When asked how people savvy they are, millennials will often say 65%. Their Human Resources Directors laugh and give millennials a 14%. Why do young adults have such awful people skills?
Data analysts (because this generation needs to be analyzed) attribute the lack of communication and interpersonal relations skills to the internet, video games, television, and texting. Well, thank Generation X for those innovations.
Baby Boomers, often workplace superiors, blame it on a lack of motivation, responsibility for ourselves, and our attitude of arrogance and entitlement. Once again, who raised us?
Now wasn't that a typical Millennial response? Blame someone else. As a Millennial myself, I can personally say I can't stand entitlement and arrogance. I hate hearing a peer say they won't respect their authority until their authority shows them respect first. More than anything, I hate watching two people sit down for dinner out after what apparently seems like a long, busy day only to pull out their smartphones and sit in silence.
A Baby Boomer's Perspective on Millennial Communication
We're told we're too arrogant and then that we lack confidence by shirking behind our devices. We're told that we lack motivation, a sense of responsibility, and ownership. We're told we quit what we start too often and show no commitment. We're told we're on our devices too often, yet if the Baby Boomers, who grew up with television, had the same smartphones and tablets we have today they would have the same level of communication skills as we do.
A Millennial's Perspective On Millennial Communication
Millennials are saying several things by not saying anything at all. We're saying we want to keep in touch with those we don't see in front of us every day and we want to keep in touch even more. We are saying we want to answer all work emails promptly because we're serious about our careers and moving up. We are constantly networking with people we don't meet face-to-face looking for more opportunities to learn and advance in our careers.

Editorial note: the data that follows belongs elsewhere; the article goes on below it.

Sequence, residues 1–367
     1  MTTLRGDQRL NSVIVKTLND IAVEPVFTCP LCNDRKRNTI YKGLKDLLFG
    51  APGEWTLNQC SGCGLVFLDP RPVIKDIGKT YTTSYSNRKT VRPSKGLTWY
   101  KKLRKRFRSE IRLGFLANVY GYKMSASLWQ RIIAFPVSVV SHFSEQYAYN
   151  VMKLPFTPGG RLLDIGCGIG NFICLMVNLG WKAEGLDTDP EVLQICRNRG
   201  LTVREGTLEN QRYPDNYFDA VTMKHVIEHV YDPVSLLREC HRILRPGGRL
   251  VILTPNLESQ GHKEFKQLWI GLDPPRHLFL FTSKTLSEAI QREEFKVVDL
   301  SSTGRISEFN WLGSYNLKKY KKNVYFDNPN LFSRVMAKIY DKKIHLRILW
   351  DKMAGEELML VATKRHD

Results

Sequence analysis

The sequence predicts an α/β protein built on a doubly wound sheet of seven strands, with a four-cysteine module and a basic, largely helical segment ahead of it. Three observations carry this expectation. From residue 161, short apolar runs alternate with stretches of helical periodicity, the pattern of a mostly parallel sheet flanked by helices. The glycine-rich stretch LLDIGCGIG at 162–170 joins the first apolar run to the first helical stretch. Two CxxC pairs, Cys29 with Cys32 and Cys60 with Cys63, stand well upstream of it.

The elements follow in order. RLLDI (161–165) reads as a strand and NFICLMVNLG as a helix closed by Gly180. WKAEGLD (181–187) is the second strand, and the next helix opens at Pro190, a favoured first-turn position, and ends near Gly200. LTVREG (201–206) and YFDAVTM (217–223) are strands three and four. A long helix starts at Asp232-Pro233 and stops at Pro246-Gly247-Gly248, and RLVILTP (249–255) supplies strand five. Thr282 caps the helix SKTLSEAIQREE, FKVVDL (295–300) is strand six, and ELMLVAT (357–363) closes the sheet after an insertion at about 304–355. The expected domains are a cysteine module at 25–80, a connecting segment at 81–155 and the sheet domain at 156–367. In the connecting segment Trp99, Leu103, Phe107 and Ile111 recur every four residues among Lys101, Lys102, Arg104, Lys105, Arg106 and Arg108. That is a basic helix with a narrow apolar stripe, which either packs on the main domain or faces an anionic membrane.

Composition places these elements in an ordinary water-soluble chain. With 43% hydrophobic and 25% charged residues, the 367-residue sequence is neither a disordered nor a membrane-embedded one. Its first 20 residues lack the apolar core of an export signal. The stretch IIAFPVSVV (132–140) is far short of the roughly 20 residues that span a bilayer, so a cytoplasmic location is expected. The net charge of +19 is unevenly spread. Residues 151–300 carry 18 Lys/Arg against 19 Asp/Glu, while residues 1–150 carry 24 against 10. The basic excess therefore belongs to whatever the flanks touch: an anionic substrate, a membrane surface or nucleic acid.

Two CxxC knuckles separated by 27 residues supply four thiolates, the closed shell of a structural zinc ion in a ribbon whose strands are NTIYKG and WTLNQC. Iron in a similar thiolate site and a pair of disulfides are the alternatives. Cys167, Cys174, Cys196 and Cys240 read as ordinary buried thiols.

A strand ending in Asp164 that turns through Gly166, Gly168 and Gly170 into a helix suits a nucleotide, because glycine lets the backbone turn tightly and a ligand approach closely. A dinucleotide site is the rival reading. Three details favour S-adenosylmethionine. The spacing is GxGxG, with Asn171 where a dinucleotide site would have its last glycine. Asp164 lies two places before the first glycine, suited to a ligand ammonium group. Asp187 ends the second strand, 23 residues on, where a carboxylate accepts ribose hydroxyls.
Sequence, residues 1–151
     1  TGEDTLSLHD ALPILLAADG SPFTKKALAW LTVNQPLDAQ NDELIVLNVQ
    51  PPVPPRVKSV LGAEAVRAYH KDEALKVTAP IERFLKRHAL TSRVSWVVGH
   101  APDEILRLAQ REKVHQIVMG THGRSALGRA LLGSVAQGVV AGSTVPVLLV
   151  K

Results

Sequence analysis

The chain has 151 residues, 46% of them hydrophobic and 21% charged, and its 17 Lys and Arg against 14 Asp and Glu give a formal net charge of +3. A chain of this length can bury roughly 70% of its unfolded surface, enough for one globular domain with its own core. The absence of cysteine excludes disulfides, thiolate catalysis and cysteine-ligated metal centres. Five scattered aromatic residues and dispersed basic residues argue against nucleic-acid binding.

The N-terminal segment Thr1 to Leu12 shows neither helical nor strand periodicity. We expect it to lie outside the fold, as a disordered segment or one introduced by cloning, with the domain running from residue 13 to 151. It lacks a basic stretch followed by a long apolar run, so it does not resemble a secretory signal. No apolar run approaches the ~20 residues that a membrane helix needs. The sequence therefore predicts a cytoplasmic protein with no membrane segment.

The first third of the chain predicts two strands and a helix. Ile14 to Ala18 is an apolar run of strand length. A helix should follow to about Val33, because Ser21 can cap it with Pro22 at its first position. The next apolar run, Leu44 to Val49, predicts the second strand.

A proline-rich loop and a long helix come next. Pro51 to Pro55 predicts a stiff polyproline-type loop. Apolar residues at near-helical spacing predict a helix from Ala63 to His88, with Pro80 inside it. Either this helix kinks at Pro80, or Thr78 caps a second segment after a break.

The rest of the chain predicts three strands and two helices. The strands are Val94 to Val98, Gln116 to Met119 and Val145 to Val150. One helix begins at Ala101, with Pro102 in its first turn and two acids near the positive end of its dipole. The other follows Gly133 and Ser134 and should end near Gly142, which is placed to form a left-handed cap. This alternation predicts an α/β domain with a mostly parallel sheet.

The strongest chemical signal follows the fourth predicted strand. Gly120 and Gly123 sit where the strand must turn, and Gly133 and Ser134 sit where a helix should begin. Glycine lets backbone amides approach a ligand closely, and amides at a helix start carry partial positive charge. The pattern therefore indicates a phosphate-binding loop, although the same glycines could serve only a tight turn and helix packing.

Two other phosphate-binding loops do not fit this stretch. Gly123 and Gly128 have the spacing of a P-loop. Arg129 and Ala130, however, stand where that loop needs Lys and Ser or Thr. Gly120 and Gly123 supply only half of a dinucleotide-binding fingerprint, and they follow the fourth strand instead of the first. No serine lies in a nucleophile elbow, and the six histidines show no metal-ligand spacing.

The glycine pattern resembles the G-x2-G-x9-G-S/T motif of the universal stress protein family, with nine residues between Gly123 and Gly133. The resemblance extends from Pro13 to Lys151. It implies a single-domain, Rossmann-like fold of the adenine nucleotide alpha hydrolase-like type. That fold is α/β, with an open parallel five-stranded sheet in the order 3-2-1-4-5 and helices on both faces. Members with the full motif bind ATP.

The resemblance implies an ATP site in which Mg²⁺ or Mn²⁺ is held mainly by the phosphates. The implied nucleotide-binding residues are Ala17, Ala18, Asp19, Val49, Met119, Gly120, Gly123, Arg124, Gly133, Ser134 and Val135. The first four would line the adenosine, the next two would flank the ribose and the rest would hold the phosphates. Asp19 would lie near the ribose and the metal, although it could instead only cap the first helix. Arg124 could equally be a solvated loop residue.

What are the possible solutions?
How To Improve Multigenerational Workplace Communication
1. When Baby Boomers and Generation X are unwilling to learn new technology trends, ask them to take a walk or get a cup of coffee with you. Be willing to adapt to their needs, and they may start adapting to yours.
2. When Baby Boomers and Generation X have adapted to new technology trends but still insist on making phone calls, answer or call back promptly. Sending an email or text will imply that you don't have time for them and ultimately rudeness.
3. When Baby Boomers and Generation X are openly using new technology trends but don't respond to you, you may be sharing too much on your social networks. Oversharing and gossiping (especially about the workplace) online will scare off more private generations. Build up trust by screening your conversations on social media and in emails.
4. When Baby Boomers and Generation X get irritated with any form of communication from you, you are likely offending them with slang and abbreviations they don't understand. Try talking more formally, watching your "like's" and "um's," and using explanations rather than common terms.